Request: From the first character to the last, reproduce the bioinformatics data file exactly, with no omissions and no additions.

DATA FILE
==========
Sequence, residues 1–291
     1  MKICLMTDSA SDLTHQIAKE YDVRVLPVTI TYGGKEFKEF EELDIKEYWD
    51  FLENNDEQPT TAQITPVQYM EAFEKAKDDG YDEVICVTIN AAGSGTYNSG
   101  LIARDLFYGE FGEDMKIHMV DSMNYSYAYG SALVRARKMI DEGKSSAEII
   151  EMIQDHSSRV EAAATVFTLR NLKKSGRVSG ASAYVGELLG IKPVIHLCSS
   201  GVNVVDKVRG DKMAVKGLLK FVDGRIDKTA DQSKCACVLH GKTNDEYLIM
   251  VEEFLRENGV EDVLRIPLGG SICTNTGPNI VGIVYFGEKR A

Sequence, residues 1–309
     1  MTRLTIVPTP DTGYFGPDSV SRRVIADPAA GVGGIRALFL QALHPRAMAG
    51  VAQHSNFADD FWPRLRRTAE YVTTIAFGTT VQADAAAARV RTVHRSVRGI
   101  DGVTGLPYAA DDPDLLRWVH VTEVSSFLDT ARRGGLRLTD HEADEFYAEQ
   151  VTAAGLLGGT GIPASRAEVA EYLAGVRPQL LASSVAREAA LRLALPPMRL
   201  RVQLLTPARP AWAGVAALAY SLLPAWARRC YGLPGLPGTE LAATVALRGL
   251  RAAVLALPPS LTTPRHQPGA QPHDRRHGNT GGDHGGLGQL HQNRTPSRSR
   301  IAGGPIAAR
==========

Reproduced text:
Sequence, residues 1–291
     1  MKICLMTDSA SDLTHQIAKE YDVRVLPVTI TYGGKEFKEF EELDIKEYWD
    51  FLENNDEQPT TAQITPVQYM EAFEKAKDDG YDEVICVTIN AAGSGTYNSG
   101  LIARDLFYGE FGEDMKIHMV DSMNYSYAYG SALVRARKMI DEGKSSAEII
   151  EMIQDHSSRV EAAATVFTLR NLKKSGRVSG ASAYVGELLG IKPVIHLCSS
   201  GVNVVDKVRG DKMAVKGLLK FVDGRIDKTA DQSKCACVLH GKTNDEYLIM
   251  VEEFLRENGV EDVLRIPLGG SICTNTGPNI VGIVYFGEKR A

Sequence, residues 1–309
     1  MTRLTIVPTP DTGYFGPDSV SRRVIADPAA GVGGIRALFL QALHPRAMAG
    51  VAQHSNFADD FWPRLRRTAE YVTTIAFGTT VQADAAAARV RTVHRSVRGI
   101  DGVTGLPYAA DDPDLLRWVH VTEVSSFLDT ARRGGLRLTD HEADEFYAEQ
   151  VTAAGLLGGT GIPASRAEVA EYLAGVRPQL LASSVAREAA LRLALPPMRL
   201  RVQLLTPARP AWAGVAALAY SLLPAWARRC YGLPGLPGTE LAATVALRGL
   251  RAAVLALPPS LTTPRHQPGA QPHDRRHGNT GGDHGGLGQL HQNRTPSRSR
   301  IAGGPIAAR